Thirteen Republican state attorneys general are cautioning CEOs of the 100 biggest U.S. companies on the legal consequences for using race as a factor in hiring and employment practices, demonstrating how the Supreme Court’s recent ruling dismantling affirmative action in higher education may trickle into the workplace.
The state attorneys general sent a letter to the CEOs on Thursday arguing that the controversial June ruling declaring that race cannot be a factor in college admissions — consequently striking down decades-old practices aimed at achieving diverse student bodies — could also apply to private entities, like employers.
“Treating people differently because of the color of their skin, even for benign purposes, is unlawful and wrong,” they wrote. The GOP officials also suggested that Diversity, Equity and Inclusion programs could be a form of discrimination.
The letter and similar actions elsewhere have raised questions about the far-reaching consequences of the Supreme Court decision beyond higher education. But experts note the court’s ruling itself doesn’t directly change current employer obligations or commitments to DEI.
“The decision itself does not legally impact Title VII (of the Civil Rights Act), which is what governs employment discrimination or discrimination in the workplace,” Greg Hoff, associate counsel of the HR Policy Association, told The Associated Press.
Hoff and others say the court’s ruling only applies to higher education institutions and other entities that receive federal funding. They also note that affirmative action in college admissions is very different from DEI efforts in workplaces, which can include expanding outreach for new hires, creating employee resource groups for underrepresented workers, and reducing bias in hiring through such practices as “blind” applications.
“What we’ve been seeing a lot of since the decision came down is political opponents of DEI … conflating affirmative action with DEI more broadly — because it serves their political purposes,” said David Glasgow, executive director of the Meltzer Center for Diversity, Inclusion and Belonging at New York University’s School of Law. “I think there’s a lot of quite deliberate attempts to muddy the waters here.”
Beyond DEI, affirmative action in the workplace is technically still upheld by Supreme Court precedent, Glasgow adds. But workplace affirmative action is rare, and he suspects today’s court would likely overrule those cases if challenged, mirroring the college admissions decision.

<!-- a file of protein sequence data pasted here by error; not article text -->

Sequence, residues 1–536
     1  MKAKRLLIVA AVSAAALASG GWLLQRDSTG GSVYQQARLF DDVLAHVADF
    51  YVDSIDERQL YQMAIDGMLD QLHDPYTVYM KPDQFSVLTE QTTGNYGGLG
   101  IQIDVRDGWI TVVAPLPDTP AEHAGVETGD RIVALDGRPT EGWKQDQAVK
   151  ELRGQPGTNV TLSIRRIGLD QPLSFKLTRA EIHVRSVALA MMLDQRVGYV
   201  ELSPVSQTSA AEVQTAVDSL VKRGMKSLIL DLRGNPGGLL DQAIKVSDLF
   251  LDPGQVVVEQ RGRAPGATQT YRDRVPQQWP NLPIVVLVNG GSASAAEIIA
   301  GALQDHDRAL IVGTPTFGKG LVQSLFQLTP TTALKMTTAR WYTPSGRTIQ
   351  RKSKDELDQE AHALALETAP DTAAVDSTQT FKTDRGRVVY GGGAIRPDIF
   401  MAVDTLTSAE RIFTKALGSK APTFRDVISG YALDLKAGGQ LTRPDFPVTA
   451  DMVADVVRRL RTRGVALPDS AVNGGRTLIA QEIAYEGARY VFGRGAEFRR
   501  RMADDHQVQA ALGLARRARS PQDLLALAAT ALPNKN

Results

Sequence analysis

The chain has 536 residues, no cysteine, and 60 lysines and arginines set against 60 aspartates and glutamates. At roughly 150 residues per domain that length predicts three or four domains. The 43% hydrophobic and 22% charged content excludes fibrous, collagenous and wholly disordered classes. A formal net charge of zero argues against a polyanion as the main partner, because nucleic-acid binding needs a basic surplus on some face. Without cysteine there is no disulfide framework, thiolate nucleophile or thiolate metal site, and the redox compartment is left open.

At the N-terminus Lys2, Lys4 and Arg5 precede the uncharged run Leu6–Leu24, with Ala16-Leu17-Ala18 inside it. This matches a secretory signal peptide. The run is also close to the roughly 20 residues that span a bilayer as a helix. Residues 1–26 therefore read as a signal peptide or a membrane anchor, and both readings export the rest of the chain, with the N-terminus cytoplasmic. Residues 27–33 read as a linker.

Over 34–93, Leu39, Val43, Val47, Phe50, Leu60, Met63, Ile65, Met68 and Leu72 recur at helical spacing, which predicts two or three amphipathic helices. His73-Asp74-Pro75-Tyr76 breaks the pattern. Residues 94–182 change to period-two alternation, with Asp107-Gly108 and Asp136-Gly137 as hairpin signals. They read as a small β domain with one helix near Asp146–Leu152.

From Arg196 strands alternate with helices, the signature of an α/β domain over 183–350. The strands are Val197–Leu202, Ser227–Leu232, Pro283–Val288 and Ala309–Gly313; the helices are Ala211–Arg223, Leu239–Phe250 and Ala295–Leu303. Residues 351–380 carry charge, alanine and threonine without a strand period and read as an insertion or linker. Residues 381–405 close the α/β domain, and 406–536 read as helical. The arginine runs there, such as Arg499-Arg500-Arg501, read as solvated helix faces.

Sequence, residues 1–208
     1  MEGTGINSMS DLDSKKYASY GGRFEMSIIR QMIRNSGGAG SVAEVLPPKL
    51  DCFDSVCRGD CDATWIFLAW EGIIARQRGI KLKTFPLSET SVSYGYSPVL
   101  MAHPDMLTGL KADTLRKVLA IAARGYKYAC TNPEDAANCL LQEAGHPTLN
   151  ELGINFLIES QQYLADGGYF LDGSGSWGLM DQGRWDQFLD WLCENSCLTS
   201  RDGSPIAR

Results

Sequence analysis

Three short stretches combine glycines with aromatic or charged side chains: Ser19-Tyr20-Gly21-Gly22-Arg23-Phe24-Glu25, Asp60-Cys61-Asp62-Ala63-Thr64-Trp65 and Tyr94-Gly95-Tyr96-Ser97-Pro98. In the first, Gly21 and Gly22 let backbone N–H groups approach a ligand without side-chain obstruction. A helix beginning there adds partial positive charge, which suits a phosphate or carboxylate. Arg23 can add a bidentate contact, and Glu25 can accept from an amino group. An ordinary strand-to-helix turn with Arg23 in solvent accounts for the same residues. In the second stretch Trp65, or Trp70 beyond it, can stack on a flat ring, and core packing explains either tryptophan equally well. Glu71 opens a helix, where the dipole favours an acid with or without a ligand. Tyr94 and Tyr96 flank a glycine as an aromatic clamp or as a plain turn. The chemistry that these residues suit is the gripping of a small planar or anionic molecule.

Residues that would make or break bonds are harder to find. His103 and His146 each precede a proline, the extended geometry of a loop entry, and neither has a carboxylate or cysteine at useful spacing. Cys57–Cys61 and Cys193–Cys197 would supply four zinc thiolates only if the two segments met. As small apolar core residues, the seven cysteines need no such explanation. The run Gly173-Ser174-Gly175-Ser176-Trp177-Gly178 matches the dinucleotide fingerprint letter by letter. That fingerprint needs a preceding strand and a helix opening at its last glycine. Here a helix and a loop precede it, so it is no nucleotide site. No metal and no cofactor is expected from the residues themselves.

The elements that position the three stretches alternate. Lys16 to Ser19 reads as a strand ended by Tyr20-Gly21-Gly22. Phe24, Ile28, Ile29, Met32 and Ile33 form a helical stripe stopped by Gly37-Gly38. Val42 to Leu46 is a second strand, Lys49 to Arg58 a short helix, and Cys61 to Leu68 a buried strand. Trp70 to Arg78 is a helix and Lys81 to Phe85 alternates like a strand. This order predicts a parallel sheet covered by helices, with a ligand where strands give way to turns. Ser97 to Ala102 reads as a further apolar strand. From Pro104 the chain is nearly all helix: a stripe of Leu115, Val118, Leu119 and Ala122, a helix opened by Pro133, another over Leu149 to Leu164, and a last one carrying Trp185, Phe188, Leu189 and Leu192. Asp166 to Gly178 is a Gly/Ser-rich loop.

While Thursday’s letter doesn’t mark legal action, experts expect future litigation down the road. The attorneys’ general letter also isn’t the first time officials have argued that the Supreme Court’s ruling applies to private employers.
Last week, Sen. Tom Cotton, R-Arkansas, sent a letter to Target CEO Brian Cornell stating that the company’s DEI program and “racial quota for hiring” was discriminatory while also pointing to the affirmative action ruling. Target did not immediately respond to The Associated Press’ request for comment on Friday.
“They’re starting with letters, but I don’t think that they’re bluffs,” Temple University assistant professor of law Zamir Ben-Dan said. “It’s going to be a problem.”
The attorneys general said they would be paying attention to companies’ practices in hiring employees and contractors — and called out companies including Airbnb, Facebook, Google, Goldman Sachs, Microsoft and Netflix for programs intended to increase racial diversity with hires and suppliers.
In response, employers may take steps to avoid litigation, Hoff and HR Policy Association president and CEO Tim Bartl said.
“The increased risk for employers is this increased risk of litigation as a result of the decision — but again, not because of any changing obligations under Title VII,” Hoff said.
Tennessee Attorney General Jonathan Skrmetti, one of the signatories, said that the letter isn’t a warning to companies as much as it is a heads-up that racial preferences could run afoul of the law. He added that the group decided to take action in part to respond to speculation about the Supreme Court ruling not applying to employment.
“The court was very clear,” he said in a Friday interview. “The appropriate response to racial discrimination is not more racial discrimination.”
Not all state attorneys general cheered last month’s ruling or are eager to apply it outside college admissions. Only about half the nation’s Republican AGs signed the letter. And Democrats have been condemning the Supreme Court’s affirmative action ruling.
“For decades the Supreme Court has upheld targeted affirmative action programs to increase diversity in higher education,” the co-chairs of the Democratic Attorneys General Association, Nevada’s Aaron Ford and Delaware’s Kathy Jennings, said in a statement June 29, calling that day’s ruling “a major step backwards that tramples on those ideals.”
Ben-Dan anticipates that the results of any action taken in the workplace to undercut DEI will mimic what already happened when affirmative action had previously been weakened in higher education, noting that enrollment for nonwhite students — particularly Black students — went down after California banned affirmative action in 1996, for example.
“I imagine that it’s going to lead to a decline in racial diversity in workforces,” he said.